VA rejects new suicide prevention program claiming it's already out of money

Elizabeth Howe
March 15, 2019 - 1:52 pm

Photo courtesy of DVIDS

It's only March, but VA is claiming its fiscal year 2019 budget for suicide prevention has already been allocated — even though last year the agency left most of its suicide prevention media outreach budget unspent.

Jim Sisco, founder and CEO of ENODO Global, spent months working with VA's suicide prevention team to implement a program to reduce the number of veteran suicides. 

"ENODO Global is a risk advisory firm that focuses on a specific type of risk that we call Social Risks," Sisco explained. "Our Social Risk analysis is focused on identifying and solving complex social problems for private sector clients and governments."

One of the Social Risks ENODO has identified and worked on is veteran suicides. 

"We saw a lot of money and resources and attention being directed at these problems but not really any good solutions," Sisco said. "Nothing is really changing."

So ENODO developed a program that addresses one of the biggest gaps in VA suicide prevention efforts — veterans not enrolled in VA programs. Of the roughly 20 veterans who die by suicide each day, 14 of them are not enrolled in VA programs. ENODO's program would target that high-risk group of individuals. 

RELATED: VA Director of Suicide Prevention on what really happened with their budget

"Dr. Keita Franklin, national director of suicide prevention, was very responsive. We presented to her team on Feb. 1 and it was very well-received," Sisco said. "They saw how our program could enhance or optimize the existing programs. They saw that there was a gap in what they were doing and that our approach would fill that gap. They offered to introduce it to their data scientists, they wanted to take it back to Dr. Franklin for a decision, and then come back to us."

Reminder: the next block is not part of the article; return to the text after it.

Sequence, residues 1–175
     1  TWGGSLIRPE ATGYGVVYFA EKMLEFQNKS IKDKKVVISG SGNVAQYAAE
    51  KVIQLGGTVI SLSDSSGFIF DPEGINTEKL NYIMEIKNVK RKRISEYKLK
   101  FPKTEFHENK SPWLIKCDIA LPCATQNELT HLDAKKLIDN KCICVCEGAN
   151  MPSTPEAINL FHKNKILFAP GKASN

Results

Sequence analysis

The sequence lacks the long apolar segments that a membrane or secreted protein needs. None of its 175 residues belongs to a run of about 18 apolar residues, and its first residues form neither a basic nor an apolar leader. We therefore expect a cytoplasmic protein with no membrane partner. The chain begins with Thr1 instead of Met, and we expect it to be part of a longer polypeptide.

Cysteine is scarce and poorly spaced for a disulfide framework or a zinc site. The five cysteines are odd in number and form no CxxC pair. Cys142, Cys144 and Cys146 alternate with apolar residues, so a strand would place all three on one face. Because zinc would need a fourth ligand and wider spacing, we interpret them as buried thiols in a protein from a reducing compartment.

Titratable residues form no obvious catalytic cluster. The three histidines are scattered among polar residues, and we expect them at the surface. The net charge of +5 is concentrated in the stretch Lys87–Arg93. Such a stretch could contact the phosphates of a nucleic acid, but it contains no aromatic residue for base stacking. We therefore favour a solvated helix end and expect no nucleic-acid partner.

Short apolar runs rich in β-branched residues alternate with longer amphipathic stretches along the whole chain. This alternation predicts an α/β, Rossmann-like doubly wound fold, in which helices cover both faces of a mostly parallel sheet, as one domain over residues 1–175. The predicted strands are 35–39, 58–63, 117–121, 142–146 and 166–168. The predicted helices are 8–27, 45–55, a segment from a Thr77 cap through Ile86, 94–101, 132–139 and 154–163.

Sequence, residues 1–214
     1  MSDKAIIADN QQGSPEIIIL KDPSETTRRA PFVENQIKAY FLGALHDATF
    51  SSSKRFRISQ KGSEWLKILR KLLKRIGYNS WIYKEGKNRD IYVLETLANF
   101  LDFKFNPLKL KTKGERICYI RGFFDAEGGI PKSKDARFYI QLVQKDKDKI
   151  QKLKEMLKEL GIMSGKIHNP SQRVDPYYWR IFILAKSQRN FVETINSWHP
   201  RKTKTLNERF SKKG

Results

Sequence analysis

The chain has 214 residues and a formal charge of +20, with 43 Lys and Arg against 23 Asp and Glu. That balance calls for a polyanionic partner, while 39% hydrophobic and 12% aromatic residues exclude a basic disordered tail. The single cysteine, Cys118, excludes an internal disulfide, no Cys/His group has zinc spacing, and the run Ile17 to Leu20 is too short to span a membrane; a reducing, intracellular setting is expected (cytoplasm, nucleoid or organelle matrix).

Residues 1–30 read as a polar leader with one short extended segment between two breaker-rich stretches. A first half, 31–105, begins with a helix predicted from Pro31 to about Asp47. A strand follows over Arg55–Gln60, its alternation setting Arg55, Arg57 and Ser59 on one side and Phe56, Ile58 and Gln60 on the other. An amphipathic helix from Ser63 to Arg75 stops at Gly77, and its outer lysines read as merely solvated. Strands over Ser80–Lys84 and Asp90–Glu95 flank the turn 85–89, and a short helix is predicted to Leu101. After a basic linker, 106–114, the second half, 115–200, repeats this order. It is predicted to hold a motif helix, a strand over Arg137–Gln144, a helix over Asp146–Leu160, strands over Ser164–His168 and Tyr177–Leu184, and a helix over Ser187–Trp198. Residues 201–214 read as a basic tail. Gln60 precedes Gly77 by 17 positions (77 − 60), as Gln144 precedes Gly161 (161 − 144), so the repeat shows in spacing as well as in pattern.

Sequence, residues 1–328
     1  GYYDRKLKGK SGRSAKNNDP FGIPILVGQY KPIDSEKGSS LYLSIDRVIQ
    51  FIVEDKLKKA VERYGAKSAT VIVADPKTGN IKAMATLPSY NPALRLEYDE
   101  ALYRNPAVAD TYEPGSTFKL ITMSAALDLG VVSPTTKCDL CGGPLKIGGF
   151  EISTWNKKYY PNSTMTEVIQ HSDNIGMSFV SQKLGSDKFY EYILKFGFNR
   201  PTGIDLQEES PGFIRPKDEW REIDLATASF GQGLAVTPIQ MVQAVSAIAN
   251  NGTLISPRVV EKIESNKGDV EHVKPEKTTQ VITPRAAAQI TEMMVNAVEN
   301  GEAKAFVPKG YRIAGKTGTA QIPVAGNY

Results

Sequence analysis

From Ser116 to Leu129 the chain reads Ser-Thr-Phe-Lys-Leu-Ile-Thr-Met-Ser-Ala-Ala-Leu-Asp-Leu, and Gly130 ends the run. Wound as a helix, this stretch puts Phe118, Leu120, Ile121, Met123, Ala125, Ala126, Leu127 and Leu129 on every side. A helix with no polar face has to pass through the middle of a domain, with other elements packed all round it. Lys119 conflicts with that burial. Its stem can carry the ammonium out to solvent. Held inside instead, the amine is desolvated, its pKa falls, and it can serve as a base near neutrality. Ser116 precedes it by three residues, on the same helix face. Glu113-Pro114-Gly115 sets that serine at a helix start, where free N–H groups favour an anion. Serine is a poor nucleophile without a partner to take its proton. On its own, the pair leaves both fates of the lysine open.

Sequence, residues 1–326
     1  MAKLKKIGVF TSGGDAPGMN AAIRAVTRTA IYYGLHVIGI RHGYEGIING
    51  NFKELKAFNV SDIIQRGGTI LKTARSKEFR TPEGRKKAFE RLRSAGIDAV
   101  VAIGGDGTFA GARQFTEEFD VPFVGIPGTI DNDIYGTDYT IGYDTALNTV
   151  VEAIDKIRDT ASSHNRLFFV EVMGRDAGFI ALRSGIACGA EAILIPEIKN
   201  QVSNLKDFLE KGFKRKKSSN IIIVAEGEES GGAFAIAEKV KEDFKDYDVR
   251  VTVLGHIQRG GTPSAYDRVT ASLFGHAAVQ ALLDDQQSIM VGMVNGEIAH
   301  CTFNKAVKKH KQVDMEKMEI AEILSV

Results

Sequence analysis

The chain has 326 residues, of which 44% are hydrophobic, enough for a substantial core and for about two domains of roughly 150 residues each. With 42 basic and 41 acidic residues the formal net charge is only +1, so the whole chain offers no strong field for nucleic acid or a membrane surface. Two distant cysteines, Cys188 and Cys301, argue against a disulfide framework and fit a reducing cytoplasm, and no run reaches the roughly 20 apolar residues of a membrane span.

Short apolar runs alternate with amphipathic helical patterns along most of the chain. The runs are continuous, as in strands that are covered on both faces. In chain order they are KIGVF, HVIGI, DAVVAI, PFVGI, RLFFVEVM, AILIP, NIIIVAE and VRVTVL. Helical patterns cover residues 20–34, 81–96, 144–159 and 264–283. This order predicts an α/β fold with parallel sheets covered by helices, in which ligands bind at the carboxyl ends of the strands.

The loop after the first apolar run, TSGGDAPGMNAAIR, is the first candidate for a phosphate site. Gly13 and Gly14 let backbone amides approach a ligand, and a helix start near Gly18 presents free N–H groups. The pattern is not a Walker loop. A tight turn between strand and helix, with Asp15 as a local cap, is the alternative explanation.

That's where the cooperation and progress came to a stop. 

"By March 1st, I was quite concerned. I hadn't heard from them in a month after they said it would be 7 to 10 days. After several emails and phone calls to them, I emailed Dr. Franklin," Sisco said.

The response was "one of the most disappointing emails" Sisco says he had ever received. 

One of the key VA individuals his team had been working with left the office and was replaced by a new individual, Ms. Wendy Lakso, who sent in an email:

"At this time our FY19 funds have been obligated. We do not have plans for an additional pilot. What we’ll do though, is make sure we hold on to your information and look out [sic] outlying years to assess the need and feasibility for a pilot like this."

"I find it hard to believe that they have allocated their entire budget for FY19 when we're only in Q2 of this year," Sisco said in response to the email. "It's unfathomable for me to believe that...And it's really upsetting that everyone we've introduced the project to immediately sees how it could add value to their existing efforts and how their current capabilities do not engage veterans who are not enrolled in programs."

Sisco hopes that ENODO's program could have a significant impact on the high-risk veterans who have not been reached by VA — if only VA would help them get it off the ground.

"If this is how individuals within the organization are handling the problem, that's why we continue to struggle and not find solutions," Sisco said.

The VA confirmed that all money for FY 19 has been allocated. In a written statement to Connecting Vets they said: 

"VA decides to work with companies based on an established process that evaluates merit, and the department does business with those who will help put Veterans first by ensuring taxpayer resources are utilized in the most efficient manner possible. We are under no obligation to work with any particular vendor."

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